BROADCASTING LAW – DEFAMATION
BROADCASTING LAW – DEFAMATION
Anyone broadcasting via Centre Radio is responsible for what they say and agree to indemnify Centre Radio against all legal costs caused by their on-air comments.
What is Defamation?
Any statements that harms a person’s reputation or makes an ordinary listener think worse of any person, group or company.
What Sort of Statements?
Saying or suggesting that someone is:
- Guilty of a crime;
- Has behaved improperly;
- Calling people dishonest, a liar, a coward, a drunk, saying they have low morals;
- Saying that a person, firm or company is in financial difficulty or bankrupt;
- Calling someone incompetent or unfit for their job;
- Making someone look ridiculous;
- Saying anything that could make other people avoid or even pity them – such as, they are insane or have an infectious disease.
- You can defame someone even when you don’t mention their name if listeners can guess who you mean.
- You can defame someone even when what you are saying is true.
If someone thinks you have harmed their reputation they can sue you for defamation. They do not have to prove you have defamed them. You have to
prove you have not (and this can be both stressful and ruinously expensive).
You cannot defame a dead person, but if what you say hurts their living relatives, they can sue you.
How Can We Express our Point of View?
Be fair and accurate. If there are two sides to a story – say so.
You may make “fair comment” but it must be clear you are giving an opinion and
not stating a fact.
Gather a list of introductory phrases, for example, “I think”, “It seems to me”, “In my opinion”, “It looks to me as if….”.
If your genuine opinion is that someone is, for example, dishonest, you must have the facts to prove it. Your comments must be in the public interest, which usually means you can’t talk about people’s private lives.
You cannot defame if you had the person’s permission to say what you said.
The following excuses are no defence in law.
- I made a mistake.
- I got it out of the newspaper (you will both be sued).
- Someone else told me it was true and I believed them.
- I said it was just a rumour – I didn’t say it was true. (but you said it).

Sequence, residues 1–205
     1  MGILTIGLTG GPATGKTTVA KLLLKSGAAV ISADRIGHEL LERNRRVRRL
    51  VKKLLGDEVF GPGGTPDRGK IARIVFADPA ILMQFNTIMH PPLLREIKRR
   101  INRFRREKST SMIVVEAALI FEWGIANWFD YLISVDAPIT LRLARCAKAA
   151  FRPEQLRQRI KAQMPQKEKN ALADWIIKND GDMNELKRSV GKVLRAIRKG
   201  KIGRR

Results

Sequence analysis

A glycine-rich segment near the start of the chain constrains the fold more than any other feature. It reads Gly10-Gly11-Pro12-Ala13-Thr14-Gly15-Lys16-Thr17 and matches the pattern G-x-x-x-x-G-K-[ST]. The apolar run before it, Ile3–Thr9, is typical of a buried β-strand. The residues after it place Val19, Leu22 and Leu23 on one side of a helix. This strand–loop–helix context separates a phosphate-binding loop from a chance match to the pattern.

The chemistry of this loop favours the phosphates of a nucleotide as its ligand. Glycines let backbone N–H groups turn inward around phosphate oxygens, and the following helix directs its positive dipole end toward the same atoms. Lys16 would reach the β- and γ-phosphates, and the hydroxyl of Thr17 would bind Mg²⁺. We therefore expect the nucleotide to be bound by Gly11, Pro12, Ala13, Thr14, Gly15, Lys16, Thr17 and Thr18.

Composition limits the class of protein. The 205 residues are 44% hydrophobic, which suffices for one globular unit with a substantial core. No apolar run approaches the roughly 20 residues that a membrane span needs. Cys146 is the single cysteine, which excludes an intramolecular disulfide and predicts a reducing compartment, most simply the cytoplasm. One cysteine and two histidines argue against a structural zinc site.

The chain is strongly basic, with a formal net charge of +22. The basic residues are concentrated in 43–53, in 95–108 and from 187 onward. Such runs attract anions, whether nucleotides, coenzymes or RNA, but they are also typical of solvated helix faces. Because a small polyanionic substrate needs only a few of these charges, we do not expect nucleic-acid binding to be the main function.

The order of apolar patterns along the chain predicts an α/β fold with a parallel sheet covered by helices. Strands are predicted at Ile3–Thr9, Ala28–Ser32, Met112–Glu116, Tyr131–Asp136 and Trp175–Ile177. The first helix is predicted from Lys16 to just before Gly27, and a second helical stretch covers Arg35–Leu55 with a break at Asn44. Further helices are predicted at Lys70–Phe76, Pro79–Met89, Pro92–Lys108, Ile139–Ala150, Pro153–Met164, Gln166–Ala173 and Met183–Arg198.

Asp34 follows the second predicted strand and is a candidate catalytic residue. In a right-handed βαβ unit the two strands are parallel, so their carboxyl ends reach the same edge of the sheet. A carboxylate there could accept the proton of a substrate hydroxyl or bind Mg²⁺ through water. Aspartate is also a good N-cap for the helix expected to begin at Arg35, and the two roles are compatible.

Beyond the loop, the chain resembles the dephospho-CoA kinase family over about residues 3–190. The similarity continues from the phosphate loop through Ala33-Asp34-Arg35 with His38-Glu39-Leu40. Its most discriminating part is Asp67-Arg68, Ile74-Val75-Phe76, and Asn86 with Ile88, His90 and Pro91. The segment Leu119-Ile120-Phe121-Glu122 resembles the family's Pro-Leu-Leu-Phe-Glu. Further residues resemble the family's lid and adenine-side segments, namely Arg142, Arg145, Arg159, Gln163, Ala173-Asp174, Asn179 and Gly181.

- If you get the facts wrong, you have no legal defence against an action in law.
- You don’t have to name someone to defame them.
- You can also defame a company if it can prove your comment is likely to cause financial loss.
- You can also commit defamation if you criticise a group of people (they could all sue you).
- Discuss the issue or the action, never the person.
Important: Producers and presenters are responsible for what other people say on their show during talkback or interviews.
Contempt of Court
You are in contempt of court if:
- You fail to obey a court order such as name suppression, or an order not to broadcast certain information.
- You abuse or unreasonably criticise a judge.
- You broadcast anything likely to prejudice a fair trial.
- When commenting on an active trial you can only talk about what was said in court. If the jury heard it in court you can talk about it. If they didn’t then you can’t.
Observing the Basic Standards
You are bound by New Zealand Broadcasting Standards. The three main ones are:
- Observing good taste and decency.
- Maintaining law and order.
- The privacy of the individual.
If You Have to Defend Yourself in Court
What you said on air is presented on paper and out of context. An audio recording of what you said is not always permitted in court. So, even if you said something as a joke, this will not always be obvious in your defence.
Prepared from the text of “A Journalist’s Guide To The Law” by Professor John burrows. The book is well worth reading.